A bowl containing nutritional yeast. A small wooden spoon rests in the bowl.


Is nutritional yeast vegan?

Yes! Yeasts are considered vegan because they do not have a central nervous system and are unable to experience pain or suffering.

How do you make nutritional yeast?

Saccharomyces Cerevisiae is grown on molasses, harvested and then dried using heat.

Who should use nutritional yeast?

Anyone can use it! It’s a great source of protein and B vitamins for vegans, but everyone can enjoy the benefits.

How to Use Nutritional Yeast

Want more ideas? See all of my nutritional yeast recipes.

Try These Popular Vegan Recipes

Be sure to check out all the vegan recipes on EBF!

If you enjoyed this recipe, please consider leaving a ⭐ star rating and let me know how it went in the 📝 comments below.

5 from 10 votes

Nutritional Yeast Dressing

This nutritional yeast dressing combines apple cider vinegar, tamari and garlic to create an irresistible dressing you'll want to drizzle on everything.
Prep Time: 5 minutes
Total Time: 5 minutes
Servings: 1 cup



  • Combine all dressing ingredients except olive oil into a blender. Blend until smooth and slowly add in the olive oil, with the blender on a low setting.
  • I prefer making this dressing in a blender because it gets extra smooth and creamy, but if don’t have a blender you can easily make it by whisking all the ingredients together as well. Just make sure you mince your garlic really well.


  • Oil-free dressing: You can use water in place of the oil. The dressing won’t be as creamy, but still delicious.
  • Soy sauce/tamari: If you’re looking for a soy-free option you can use coconut aminos instead. 


Serving: 2Tablespoons | Calories: 95kcal | Carbohydrates: 5g | Protein: 3g | Fat: 7g | Saturated Fat: 1g | Sodium: 110mg | Fiber: 1g | Sugar: 1g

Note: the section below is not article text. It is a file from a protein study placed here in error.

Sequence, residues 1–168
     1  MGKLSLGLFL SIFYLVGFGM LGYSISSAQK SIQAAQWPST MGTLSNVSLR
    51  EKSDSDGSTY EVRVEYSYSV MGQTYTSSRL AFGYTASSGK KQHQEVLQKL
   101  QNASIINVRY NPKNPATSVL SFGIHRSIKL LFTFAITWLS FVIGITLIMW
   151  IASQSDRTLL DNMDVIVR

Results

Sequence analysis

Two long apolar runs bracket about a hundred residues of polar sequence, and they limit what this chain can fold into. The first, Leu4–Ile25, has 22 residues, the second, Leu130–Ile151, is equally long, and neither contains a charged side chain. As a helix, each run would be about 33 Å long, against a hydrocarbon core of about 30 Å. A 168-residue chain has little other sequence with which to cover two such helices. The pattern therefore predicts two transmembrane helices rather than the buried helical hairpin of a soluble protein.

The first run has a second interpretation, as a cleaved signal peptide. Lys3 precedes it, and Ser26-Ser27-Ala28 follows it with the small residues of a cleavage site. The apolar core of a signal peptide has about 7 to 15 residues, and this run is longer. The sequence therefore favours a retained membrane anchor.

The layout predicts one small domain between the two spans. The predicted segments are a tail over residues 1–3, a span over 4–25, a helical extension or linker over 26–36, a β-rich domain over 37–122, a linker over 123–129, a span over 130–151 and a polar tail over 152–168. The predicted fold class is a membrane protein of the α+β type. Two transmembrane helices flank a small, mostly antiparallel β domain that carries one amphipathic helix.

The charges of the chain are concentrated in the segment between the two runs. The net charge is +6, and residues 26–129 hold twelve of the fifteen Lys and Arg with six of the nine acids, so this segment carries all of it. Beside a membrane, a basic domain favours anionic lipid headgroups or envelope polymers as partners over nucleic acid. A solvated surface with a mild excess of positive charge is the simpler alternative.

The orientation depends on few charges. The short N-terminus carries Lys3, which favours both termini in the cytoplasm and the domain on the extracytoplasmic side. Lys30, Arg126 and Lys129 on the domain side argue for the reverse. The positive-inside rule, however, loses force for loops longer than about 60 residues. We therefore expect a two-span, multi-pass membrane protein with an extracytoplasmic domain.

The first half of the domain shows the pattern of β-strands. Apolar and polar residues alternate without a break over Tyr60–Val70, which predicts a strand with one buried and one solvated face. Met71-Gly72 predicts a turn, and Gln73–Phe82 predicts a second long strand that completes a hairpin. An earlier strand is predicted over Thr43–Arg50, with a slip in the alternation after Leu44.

Nutrition information is automatically calculated, so should only be used as an approximation.

Additional Info

Course: Salad Dressing
Cuisine: American
Keyword: nutritional yeast dressing
Did you make this recipe?Mention @eatingbirdfood and tag #eatingbirdfood!

About Brittany

Hey there, I’m Brittany, the creator of Eating Bird Food, cookbook author, health coach and mama of two littles. Here you’ll find quick and easy recipes that make healthy fun and enjoyable for you and your family!

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    1. Hi Crystal – I give several different ways + recipes above of how you can use nutritional yeast! Enjoy!

  1. Why would you add soy to this dressing? Soy is so unhealthy. Messes with hormones and other systems in the body. Soy free diets, along with other chemicals, is the way to go. Shame on you for “eating healthy” but not know the dangers of the food you are recommending.

    1. Hey Paul – Eating healthy means different things to different people. I like to enjoy soy-based items occasionally and when I do I always try to get the highest quality items that are non-GMO. That said, if someone doesn’t want to include soy in their diet there are substitutions, like how I mention that you can use coconut aminos in place of the soy or tamari.